From the frame to the fridge, your house is a system that works together to provide you with the necessities of life. It should be a comfortable system that keeps you warm, dry, healthy, and housed in a way that suits your family. In addition to the interior structures and frame of your home, your house has windows, siding, and roofing. The residential building envelope protects you from the elements and keeps you healthy and safe.
Your Roof Influences the Rest of Your Home
When you’re indoors enjoying a book on a rainy day, you may think of your roof with gratitude, but most of the time the roof is a part of your residential enclosure system that people take for granted. You need to have a roof, but you may not think about it all that often.
The roof performs several functions. It acts as the top of the building envelope, enclosing the space. It also protects you from the wind, rain, and temperature extremes. In some cases, your roof can also collect water, grow plants, or generate energy. However, its primary function is structural: it’s there to protect your other home systems.
When you’re considering a new roof, you have many options to choose from, and each has its pros and cons:
- Cracks in the floor and walls. Look under the flooring to see if there are any emerging cracks.
- Water damage to the floor and walls. Look for soft spots, feel the walls for damp, and look for staining. This can tell you where the foundation is shifting and cracking.
Why do foundations crack and leak?
Shifting and expanding soil is the cause of many foundation problems. Clay soils swell when they encounter water, causing your foundation to move. They shrink when they’re dry, and moisture moves away from under or beside your foundation. This causes your foundation to experience pressure and settling, leading to cracks.
Water in the soil not only causes the soil to shift, it can leak into the walls and the foundation and cause even more damage. Water can gently erode your foundation or basement walls, especially if it gets into a crack and expands during the colder winter months. To ensure that water is not a problem for your foundation, you need to make sure that your soil gently slopes away from your house and that your drains do not get clogged and send water over the sides, making the area around your foundation wet.
Maintain your indoor and outdoor plumbing as well so that damaged plumbing does not cause problems in the walls around your foundation. For instance, a burst pipe in the winter can not only cause home damage, it can send a lot of water into the soil, leading to further structural damage.
What Home Maintenance Does Your Foundation Need?
Foundations aren’t something to pour and leave alone. They need ongoing to work well. However, unlike other parts of your home, your foundation isn’t something that you can replace if it gets old and worn. You need to proactively work to prevent problems and repair your foundation, since if it gets damaged it can have serious impacts for the longevity of your entire home.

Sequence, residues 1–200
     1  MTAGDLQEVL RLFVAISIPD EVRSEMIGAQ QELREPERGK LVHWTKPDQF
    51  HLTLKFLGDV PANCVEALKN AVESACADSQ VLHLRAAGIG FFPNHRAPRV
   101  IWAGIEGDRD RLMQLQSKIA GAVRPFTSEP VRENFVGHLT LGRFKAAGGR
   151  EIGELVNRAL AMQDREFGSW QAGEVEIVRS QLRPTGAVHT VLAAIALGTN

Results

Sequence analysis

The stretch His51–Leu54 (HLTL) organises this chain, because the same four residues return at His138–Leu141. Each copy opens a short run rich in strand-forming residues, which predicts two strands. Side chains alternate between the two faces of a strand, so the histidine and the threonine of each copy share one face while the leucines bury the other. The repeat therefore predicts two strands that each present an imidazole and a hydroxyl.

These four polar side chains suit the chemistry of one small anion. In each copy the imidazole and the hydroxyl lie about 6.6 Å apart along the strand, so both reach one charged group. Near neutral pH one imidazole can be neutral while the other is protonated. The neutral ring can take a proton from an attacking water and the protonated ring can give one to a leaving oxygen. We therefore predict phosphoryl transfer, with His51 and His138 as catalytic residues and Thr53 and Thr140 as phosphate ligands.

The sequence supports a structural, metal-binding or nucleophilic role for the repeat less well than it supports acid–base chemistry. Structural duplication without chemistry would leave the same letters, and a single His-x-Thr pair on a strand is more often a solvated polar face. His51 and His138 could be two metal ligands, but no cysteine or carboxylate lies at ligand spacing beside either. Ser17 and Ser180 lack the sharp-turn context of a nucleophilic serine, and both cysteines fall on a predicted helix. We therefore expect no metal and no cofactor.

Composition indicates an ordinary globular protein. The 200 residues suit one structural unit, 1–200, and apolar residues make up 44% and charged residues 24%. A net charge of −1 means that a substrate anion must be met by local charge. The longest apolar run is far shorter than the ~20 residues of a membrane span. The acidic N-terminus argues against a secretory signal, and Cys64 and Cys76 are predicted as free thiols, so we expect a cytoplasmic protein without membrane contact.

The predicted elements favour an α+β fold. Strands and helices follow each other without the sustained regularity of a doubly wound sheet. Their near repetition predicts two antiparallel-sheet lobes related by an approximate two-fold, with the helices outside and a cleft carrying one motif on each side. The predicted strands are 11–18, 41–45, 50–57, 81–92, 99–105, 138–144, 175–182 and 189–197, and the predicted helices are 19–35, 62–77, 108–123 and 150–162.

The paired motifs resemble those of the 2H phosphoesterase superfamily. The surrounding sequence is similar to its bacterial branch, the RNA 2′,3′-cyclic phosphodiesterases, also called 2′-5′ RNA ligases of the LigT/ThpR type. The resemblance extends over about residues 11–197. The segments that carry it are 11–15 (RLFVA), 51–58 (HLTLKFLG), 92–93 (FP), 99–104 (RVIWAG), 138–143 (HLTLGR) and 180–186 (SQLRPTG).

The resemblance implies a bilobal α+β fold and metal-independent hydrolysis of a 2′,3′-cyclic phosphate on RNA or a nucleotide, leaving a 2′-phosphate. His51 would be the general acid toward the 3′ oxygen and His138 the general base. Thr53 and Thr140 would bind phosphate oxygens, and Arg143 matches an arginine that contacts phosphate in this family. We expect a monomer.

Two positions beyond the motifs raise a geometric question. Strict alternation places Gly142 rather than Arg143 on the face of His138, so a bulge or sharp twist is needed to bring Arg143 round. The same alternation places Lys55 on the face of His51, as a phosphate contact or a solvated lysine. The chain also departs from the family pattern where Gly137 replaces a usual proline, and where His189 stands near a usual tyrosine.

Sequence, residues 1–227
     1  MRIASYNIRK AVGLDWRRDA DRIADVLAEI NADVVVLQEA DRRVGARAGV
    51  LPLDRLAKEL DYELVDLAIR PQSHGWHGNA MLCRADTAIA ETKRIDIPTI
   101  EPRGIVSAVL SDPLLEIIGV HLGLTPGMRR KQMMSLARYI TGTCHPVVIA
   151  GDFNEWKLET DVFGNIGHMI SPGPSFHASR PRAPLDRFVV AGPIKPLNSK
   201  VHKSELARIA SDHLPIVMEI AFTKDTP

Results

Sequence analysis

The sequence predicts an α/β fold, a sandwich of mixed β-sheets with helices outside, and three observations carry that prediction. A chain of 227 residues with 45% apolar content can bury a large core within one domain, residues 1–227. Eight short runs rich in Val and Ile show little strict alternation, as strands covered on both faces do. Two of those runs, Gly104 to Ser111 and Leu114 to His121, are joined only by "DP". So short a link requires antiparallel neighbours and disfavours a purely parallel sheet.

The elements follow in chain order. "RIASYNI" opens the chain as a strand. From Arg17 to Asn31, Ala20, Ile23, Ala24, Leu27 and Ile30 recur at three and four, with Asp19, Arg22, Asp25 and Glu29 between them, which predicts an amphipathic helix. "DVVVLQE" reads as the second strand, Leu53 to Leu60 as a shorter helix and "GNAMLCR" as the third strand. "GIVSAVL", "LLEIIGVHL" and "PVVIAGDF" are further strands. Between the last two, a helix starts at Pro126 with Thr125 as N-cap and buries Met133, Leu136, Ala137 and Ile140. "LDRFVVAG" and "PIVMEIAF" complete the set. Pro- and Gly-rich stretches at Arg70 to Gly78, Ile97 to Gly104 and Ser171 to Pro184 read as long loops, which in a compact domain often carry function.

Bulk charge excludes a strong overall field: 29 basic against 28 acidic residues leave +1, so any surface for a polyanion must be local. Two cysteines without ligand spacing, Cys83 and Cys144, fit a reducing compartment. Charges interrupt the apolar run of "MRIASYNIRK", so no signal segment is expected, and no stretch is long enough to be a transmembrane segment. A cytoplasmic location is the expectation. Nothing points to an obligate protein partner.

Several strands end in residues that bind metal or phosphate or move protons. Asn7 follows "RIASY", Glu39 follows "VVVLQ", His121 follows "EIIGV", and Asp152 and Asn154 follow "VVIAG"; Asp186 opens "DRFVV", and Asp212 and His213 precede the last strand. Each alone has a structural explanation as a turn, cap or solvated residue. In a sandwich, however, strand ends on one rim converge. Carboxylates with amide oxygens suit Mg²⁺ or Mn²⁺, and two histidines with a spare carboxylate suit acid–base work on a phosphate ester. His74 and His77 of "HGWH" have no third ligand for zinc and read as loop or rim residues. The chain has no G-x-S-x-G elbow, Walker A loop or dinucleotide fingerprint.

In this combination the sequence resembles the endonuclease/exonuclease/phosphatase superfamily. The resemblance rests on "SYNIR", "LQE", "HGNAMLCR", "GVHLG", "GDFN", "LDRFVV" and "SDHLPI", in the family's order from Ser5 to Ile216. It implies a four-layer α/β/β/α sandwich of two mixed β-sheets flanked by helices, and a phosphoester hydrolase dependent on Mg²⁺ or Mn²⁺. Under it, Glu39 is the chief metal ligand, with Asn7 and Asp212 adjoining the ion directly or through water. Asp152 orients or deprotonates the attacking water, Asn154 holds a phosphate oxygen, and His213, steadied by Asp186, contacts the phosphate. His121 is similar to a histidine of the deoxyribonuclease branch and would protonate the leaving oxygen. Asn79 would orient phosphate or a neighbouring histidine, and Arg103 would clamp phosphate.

You also need to work to protect your roof over time. Conduct inspections of your roof annually at a minimum, and make sure that your systems such as gutters and gutter covers allow your roof to drain easily in all seasons of the year.
Residential Enclosure Systems: Home Siding
Your home siding protects your other home systems. Siding is a major aesthetic element in home construction, and a home with wood siding looks very different than a home with stone or vinyl. When you’re looking at the siding, several factors should influence your choice:
- What does it look like, and how does this fit with the desired aesthetic for your home?
- How much does it cost?
- What is its typical life span?
- How does it hold up to the specific weather conditions in your area, such as intense sun, rain, or wind?
- How energy-efficient is it?
- Are there any specific maintenance requirements for the siding? Can you manage these year after year?
How do different siding choices compare?
- Wood siding gives a rustic look to your home. This siding needs to be treated with fire retardants.
- Engineered wood is strong, light, and less expensive than wood. It lasts up to 30 years, less than many siding materials.
- Stucco can easily be shaped or textured, and it’s versatile.
- Stone is incredibly durable and weathers well. It’s quite expensive and tricky to install.
- Bricks are durable, light, and low maintenance. Water can enter brick veneers, so you need to ensure that you have a good water membrane.
- Metal gives a modern look to your home. It’s strong, durable, and expensive.
Windows Are an Integral Part of Your Residential Building Envelope
What is a window? Is it just a gap in the residential building envelope to let the light come in? No: it’s more important than that. A window has many different functions in your home:
- It allows light to enter a space, reducing your lighting bills
- They allow warmth to enter a room, adding heat to passive solar elements of your home such as a stone floor or fireplace.
- They provide cool, fresh air
- They can act as an additional to your home ventilation system. For example, windows in the upper floors or windows near the top of a roof can open to allow heat to exit from your home.
Windows aren’t just part of a wall, and they’re not only a way to see the view. They’re an integrated part of your home lighting, heating, and energy system.
At Harry Helmet, we’re here to help you maintain your building envelope. Enjoy your home instead of worrying about maintenance. Our roofing, awnings, gutter systems and gutter covers are designed to be strong and require little maintenance over time. Contact us today and view our photo gallery to see how we can keep your home warm, dry, and safe.